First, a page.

Media Statements & Speeches
Commissioner Tony Clark Statement
June 11, 2014
The DC Circuit Court Decision on Order No. 745
“As an initial matter, I thank Chairman LaFleur for soliciting my thoughts and those of each of her fellow Commissioners prior to her decision to seek en banc review of the recent DC Circuit Court of Appeals Order No. 745 decision. Such comity and proactive outreach has been a hallmark of her leadership of the agency.
“The court's opinion addressed two overarching matters. The first related to whether the Commission had exceeded its statutory authority under the Federal Power Act (FPA) given the nature of demand response (DR) itself.
“The second was the more discrete question of whether the Commission erred in requiring that DR products be compensated in the energy markets at the same rate as an electric supply offer.
“Addressing the second matter first; it should come as no surprise that I do not support a review of that portion of the Court opinion that vacated the Commission's full locational marginal price (LMP) requirement for DR.
“Most important, that portion of the order does not meet the burden required of petitioners for en banc review. Specifically, this is not an issue of such exceptional importance that it merits review nor does it create a glaring inconsistency with DC Circuit or US Supreme Court precedent.
“Beyond the matter of the threshold for review, I also believe the court was wholly correct in its assessment of the pricing mechanism adopted by the Commission. As I have written in previous statements, the full-LMP rate for DR that was mandated by the Commission in Order No. 745 is unjust and unreasonable on its face. It fails to recognize the costs that are avoided by consumers when they choose not to consume power and thus creates distortions in the energy marketplace to the detriment of traditional supply resources relying on wholesale market prices. In Order No. 745, the Commission failed to adequately address this problem, even though Commissioner Moeller’s dissent thoroughly identified the issue.
“With regard to the matter of Commission jurisdiction itself, I find that the jurisdictional question raises issues of greater importance than the level of compensation to which DR is entitled and the fuzzy nature of the line between state and federal jurisdiction under the FPA offers at least some fodder for discussion about how this opinion fits with prior court holdings.
“Yet, I cannot help but find the DC Circuit's majority opinion persuasive. The Commission's assertion of jurisdiction over “Wholesale Demand Response” was always rather bold, as explained by the court's majority. There simply has to be a jurisdictional "bridge too far" for FERC under the FPA. The line the court drew, distinguishing between wholesale supply sales and retail consumption/compensation, is not unreasonable, though it could have far-reaching impacts.
"While there is no doubt the Commission now finds itself in a predicament, it bears noting it is a predicament of its own making, not the court's. To the degree different industry stakeholders may now have a challenge on their hands related to the court’s decision, the root cause is a flawed regulatory construct. We might not have found ourselves in this situation had the Commission taken a more modest approach to the compensation of DR in the wholesale markets. By allowing the pendulum to swing so far, the Commission predictably ushered into the marketplace a flood of DR resources, some of which may only be willing to provide service at subsidized rates. As structured, a single DR resource is now capable of receiving full supply payments from multiple wholesale market constructs, including the capacity and energy markets, all while avoiding a number of the burdens placed on traditional supply resources.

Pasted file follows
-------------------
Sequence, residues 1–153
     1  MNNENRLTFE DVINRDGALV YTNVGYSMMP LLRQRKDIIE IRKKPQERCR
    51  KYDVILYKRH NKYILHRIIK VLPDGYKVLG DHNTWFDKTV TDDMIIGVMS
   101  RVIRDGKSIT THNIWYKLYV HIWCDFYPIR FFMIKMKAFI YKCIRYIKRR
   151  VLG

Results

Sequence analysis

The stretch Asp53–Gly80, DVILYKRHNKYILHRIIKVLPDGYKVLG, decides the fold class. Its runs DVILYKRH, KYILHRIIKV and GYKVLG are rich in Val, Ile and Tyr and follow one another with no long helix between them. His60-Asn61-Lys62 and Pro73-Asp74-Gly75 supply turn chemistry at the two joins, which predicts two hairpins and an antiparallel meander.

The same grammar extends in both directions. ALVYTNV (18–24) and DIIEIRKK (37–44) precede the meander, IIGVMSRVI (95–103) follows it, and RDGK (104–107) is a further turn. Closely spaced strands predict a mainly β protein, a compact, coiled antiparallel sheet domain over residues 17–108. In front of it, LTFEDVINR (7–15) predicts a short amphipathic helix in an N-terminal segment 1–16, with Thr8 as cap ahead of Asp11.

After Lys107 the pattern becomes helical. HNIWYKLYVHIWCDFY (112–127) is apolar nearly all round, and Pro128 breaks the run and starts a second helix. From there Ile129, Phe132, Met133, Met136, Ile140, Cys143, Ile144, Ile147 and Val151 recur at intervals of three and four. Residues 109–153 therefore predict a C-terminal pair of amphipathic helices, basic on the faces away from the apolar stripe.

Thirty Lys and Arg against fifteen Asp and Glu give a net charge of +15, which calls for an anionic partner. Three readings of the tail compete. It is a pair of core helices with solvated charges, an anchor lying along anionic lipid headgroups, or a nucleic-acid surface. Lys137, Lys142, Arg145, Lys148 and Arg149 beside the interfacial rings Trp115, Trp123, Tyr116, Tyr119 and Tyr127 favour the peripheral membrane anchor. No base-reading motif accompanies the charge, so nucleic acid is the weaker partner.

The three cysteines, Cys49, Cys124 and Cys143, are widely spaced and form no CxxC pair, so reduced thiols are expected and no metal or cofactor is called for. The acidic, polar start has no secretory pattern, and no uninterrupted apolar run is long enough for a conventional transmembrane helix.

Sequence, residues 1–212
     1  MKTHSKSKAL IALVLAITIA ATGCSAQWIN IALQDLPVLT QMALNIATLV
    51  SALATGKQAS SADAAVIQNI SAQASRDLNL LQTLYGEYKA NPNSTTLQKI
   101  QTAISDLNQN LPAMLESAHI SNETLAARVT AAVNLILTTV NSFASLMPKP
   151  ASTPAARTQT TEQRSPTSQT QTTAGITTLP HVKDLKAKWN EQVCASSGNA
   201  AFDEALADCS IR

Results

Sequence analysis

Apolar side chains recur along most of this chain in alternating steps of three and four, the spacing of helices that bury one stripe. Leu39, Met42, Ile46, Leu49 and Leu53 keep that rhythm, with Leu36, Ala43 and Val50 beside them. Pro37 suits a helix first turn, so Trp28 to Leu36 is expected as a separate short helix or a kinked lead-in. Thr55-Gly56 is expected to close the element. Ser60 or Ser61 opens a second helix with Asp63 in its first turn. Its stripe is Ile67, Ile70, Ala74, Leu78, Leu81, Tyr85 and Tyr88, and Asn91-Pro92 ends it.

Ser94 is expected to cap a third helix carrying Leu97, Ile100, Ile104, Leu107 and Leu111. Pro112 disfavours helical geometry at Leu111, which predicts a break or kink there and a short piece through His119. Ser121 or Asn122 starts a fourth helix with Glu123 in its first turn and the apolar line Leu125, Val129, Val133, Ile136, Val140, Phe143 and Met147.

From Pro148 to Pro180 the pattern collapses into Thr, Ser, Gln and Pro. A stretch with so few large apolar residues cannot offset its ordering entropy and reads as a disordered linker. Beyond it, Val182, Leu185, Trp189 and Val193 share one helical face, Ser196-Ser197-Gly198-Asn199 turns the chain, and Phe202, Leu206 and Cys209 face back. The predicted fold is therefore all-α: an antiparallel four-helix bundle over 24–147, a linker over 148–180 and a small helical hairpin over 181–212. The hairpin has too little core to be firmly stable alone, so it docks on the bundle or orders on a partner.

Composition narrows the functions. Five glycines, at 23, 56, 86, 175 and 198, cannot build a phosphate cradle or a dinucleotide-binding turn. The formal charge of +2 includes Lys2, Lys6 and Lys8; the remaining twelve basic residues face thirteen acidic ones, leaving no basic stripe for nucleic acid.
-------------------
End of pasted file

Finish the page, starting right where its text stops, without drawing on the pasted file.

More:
"It’s no wonder the court adopted the term “lure;” that is exactly what has happened in recent years. This caused wholesale grid operators to struggle to devise appropriate methodologies for measuring, verifying, and otherwise coping with the ever-increasing amount of demand response coming from aggregated retail loads. Calling a "nega-watt" the equivalent of a "mega-watt" has always been clever rhetoric, but it defies common sense. One supplies energy, the other is a retail/demand-side decision to consume or not consume the energy. The Commission should now acknowledge the problems created by its own muddled redefinition of "demand" as "supply."
“The natural place for DR is on the retail side of the markets, where customers can observe electricity prices and make a choice about whether to consume energy or to curtail their demand for that energy. By necessity under the FPA, this will require FERC to actively engage the states, which have the retail jurisdiction FERC lacks. In my mind, enabling functioning price-responsive demand is the right answer to the conundrum in which we now find ourselves, and it is where the Commission should expend the bulk of its efforts. Price-responsive demand cuts to the heart of the matter. It provides all of the proper price-forming benefits the Commission seeks, but without concocting unwieldy, convoluted and bureaucratically complex schemes to pay consumers not to consume power. It pierces the veil that exists between the wholesale and retail sides of the electricity business; a veil made thick by the statutory construct that separates federal jurisdiction from that of the states. In a world of robust price-responsive demand, end-use consumers, aided by advanced demand side management devices enabled by a smarter grid, are able to fulfill their role on the demand side of the equation. The result, in short, would be a properly functioning marketplace.”